I would expect that the legislation wouldn't stop all modifications to cars. It seems more likely that any changes of components not approved by the manufacturer would require a new type-approval standard test for the car - something far more involved than an MOT - much akin to what you need to do after putting a kit car together. If such is the case I suspect some of us may have a nasty surprise in store when we find some of the changes we have made have had a rather detrimental effect on the performance and safety of our cars, rather than the opposite. It would certainly sort out the modifications industry and some of the dubious clims that some make for their products.
 

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I would imagine a lot of the regulation couldn't be applied to older cars anyway, as the data wouldn't be available from the manufacturers... It's more likely that this would be applied from a given date onwards.

As for it being poorly written, isn't it too early to judge that, given that it's only a proposal at the moment?
lol, I wish, I have spent the last year working with a piece of EU Legislation that has been around for 6 years or so and is still badly written. It is not intentional; the drafter is usually trying to convey quite technical legal points in a language that is not their first language.

The thing with historic cars is that the UK does not have a legal definition of historic (don't confuse the pre 1973 tax laws, this is completely different)

The EU Regulation states what is deemed to be historic and it basically says over 30 years old and unmodified.

If you meet the regulation then you do not need to pass the new test. If you don't meet it then you do have to pass the test.

The minimum standards of the test is laid down in the annex after that it either follows something akin to TUV in Germany or it relies on UK legislation. How the UK would implement this is yet to be made clear.

a number of people believe that this regulation will be signed off this year. My view based on working with the EU is that that is highly unlikely.
 

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prop135 said:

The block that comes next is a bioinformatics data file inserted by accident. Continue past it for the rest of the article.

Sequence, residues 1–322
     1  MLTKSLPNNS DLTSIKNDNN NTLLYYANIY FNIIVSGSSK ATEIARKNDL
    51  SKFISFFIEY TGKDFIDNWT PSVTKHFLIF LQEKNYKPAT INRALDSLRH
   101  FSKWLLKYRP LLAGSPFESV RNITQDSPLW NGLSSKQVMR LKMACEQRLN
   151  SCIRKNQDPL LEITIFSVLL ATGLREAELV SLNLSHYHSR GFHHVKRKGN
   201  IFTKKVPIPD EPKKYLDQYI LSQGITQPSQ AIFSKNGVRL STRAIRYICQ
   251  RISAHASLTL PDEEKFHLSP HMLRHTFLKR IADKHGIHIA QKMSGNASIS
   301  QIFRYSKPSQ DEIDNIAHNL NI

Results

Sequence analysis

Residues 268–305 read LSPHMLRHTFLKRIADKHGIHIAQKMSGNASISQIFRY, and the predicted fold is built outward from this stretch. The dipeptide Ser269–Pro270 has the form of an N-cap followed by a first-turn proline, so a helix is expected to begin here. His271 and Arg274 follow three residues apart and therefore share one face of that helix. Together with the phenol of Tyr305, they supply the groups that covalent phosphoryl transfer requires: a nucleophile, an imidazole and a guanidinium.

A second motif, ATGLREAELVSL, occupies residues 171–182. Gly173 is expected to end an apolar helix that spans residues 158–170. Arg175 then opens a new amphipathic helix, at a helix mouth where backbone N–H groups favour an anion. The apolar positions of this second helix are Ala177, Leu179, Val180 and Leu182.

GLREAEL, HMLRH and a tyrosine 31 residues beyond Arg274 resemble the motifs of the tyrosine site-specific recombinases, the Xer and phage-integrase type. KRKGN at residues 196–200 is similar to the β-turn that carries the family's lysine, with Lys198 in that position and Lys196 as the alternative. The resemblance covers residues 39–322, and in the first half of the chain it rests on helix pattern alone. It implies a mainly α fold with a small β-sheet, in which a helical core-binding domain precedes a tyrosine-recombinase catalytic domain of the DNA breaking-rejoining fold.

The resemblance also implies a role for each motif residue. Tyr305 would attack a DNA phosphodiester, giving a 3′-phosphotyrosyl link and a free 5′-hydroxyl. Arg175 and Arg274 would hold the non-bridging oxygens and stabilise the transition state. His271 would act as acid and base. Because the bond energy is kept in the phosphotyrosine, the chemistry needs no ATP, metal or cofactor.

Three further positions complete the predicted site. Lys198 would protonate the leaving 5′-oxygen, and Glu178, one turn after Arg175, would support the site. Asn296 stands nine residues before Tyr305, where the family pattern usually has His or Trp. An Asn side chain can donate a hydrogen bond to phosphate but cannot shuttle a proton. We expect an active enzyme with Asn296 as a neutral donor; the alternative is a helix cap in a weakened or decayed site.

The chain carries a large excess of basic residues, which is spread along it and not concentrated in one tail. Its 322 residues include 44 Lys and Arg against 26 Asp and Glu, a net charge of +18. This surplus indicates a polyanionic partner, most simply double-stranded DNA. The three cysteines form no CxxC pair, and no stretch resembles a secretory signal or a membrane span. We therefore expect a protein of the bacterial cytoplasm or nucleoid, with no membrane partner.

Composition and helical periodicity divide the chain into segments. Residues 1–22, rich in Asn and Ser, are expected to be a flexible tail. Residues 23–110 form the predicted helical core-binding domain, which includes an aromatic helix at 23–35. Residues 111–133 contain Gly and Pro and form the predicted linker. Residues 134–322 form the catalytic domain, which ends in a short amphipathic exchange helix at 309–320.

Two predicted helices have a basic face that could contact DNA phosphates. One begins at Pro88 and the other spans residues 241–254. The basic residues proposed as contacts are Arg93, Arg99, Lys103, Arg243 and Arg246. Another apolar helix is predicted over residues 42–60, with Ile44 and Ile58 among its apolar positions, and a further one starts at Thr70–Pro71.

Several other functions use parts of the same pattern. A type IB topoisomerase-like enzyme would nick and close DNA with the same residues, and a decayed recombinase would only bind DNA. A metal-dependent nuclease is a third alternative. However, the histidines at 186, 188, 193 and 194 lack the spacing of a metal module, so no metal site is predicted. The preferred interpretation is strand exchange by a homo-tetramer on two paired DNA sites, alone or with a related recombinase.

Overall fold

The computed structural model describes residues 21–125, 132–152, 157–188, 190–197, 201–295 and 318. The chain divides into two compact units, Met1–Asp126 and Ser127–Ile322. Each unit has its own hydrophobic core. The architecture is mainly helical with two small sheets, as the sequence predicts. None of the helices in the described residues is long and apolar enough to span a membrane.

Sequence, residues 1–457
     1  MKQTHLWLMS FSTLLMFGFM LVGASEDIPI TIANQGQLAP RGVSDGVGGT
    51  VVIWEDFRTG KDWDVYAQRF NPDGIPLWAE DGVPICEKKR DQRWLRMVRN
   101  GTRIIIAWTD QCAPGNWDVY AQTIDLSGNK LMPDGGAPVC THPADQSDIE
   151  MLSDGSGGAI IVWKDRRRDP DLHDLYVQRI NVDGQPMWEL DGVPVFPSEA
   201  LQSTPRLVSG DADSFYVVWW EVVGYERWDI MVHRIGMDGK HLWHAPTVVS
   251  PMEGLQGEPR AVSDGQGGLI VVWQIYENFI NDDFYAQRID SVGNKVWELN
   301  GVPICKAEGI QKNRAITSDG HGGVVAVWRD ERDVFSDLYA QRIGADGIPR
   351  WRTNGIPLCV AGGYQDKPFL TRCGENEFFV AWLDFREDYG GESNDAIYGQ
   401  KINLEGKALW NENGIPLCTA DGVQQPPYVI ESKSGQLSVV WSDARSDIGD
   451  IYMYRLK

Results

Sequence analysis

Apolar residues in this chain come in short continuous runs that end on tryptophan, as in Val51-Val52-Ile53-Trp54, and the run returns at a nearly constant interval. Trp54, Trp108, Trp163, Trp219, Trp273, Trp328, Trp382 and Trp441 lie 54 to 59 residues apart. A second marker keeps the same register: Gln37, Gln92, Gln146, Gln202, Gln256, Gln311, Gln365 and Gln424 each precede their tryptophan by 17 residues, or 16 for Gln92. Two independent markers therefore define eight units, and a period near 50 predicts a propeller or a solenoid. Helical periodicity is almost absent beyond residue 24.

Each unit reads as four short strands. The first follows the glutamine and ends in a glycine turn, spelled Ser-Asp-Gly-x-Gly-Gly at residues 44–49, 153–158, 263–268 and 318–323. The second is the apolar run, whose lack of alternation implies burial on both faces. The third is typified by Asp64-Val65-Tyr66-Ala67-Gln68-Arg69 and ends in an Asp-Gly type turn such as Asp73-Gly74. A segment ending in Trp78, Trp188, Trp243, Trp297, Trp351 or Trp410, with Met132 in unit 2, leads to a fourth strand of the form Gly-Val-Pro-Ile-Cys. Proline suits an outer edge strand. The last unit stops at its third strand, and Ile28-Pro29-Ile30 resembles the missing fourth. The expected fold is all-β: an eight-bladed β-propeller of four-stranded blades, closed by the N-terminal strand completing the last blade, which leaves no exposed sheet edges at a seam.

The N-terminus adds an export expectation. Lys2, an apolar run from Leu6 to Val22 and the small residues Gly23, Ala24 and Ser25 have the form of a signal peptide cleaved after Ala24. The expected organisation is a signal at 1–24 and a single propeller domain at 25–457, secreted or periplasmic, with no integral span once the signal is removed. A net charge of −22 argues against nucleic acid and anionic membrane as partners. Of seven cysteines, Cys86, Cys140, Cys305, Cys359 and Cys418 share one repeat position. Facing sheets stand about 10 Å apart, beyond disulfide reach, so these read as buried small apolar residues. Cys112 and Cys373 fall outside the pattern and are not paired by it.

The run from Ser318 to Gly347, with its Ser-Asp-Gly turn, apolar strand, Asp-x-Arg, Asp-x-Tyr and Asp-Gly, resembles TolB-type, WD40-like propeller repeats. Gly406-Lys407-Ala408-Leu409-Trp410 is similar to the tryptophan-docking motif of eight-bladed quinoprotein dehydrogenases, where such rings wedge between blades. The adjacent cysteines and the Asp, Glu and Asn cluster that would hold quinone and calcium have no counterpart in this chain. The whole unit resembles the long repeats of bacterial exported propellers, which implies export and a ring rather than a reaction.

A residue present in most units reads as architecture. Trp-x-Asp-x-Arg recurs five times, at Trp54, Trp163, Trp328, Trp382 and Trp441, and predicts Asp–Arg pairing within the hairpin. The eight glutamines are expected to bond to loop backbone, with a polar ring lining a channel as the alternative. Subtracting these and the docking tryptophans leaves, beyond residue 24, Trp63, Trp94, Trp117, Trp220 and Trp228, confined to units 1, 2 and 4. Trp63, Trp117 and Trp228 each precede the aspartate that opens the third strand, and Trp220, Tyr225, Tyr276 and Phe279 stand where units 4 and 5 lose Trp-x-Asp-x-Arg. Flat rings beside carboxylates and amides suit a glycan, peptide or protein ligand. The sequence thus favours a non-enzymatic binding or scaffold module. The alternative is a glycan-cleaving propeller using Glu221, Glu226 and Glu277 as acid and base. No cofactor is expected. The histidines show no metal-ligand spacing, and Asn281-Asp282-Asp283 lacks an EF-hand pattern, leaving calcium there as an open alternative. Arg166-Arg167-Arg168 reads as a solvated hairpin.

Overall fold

The key part of the regulation is that the car being tested must meet the tolerances as set by the manufacturers. If enforced this COULD stop all modifications that are not authorised by Audi.
&
prop135 said:
"...a roadworthiness test that components of the vehicle must comply with characteristics at the time of first registration."
It depends on how they choose to interpret words like "tolerances" and "characteristics", which certainly don't imply you can't modify anything or use 3rd party parts, just that any changes from these modifications shouldn't be too radical (in particular I guess in terms of decreasing roadworthiness & safety, which is what the MOT is about).

Also given how keen the EU generally is on competition and so on (e.g. the rule to make sure you don't have to be forced to go to a dealer for servicing, even in-warranty), I don't see this being introduced in a manner that now forces you to get all your parts from the manufacturer and kills off 3rd party competition there.
 

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drjam said:
prop135 said:
The key part of the regulation is that the car being tested must meet the tolerances as set by the manufacturers. If enforced this COULD stop all modifications that are not authorised by Audi.
&
prop135 said:
"...a roadworthiness test that components of the vehicle must comply with characteristics at the time of first registration."
It depends on how they choose to interpret words like "tolerances" and "characteristics", which certainly don't imply you can't modify anything or use 3rd party parts, just that any changes from these modifications shouldn't be too radical (in particular I guess in terms of decreasing roadworthiness & safety, which is what the MOT is about).

Also given how keen the EU generally is on competition and so on (e.g. the rule to make sure you don't have to be forced to go to a dealer for servicing, even in-warranty), I don't see this being introduced in a manner that now forces you to get all your parts from the manufacturer and kills off 3rd party competition there.
Yep, sorry I should have been clearer. the regulation indicates that it must be the same as when the vehicle went through its type approval.

Now I agree, if you have improved the braking capability of your car then sure that is a good thing. Unfortunately the regulation does not make that clear and the DfT seem to believe that this means no modification from standard at all.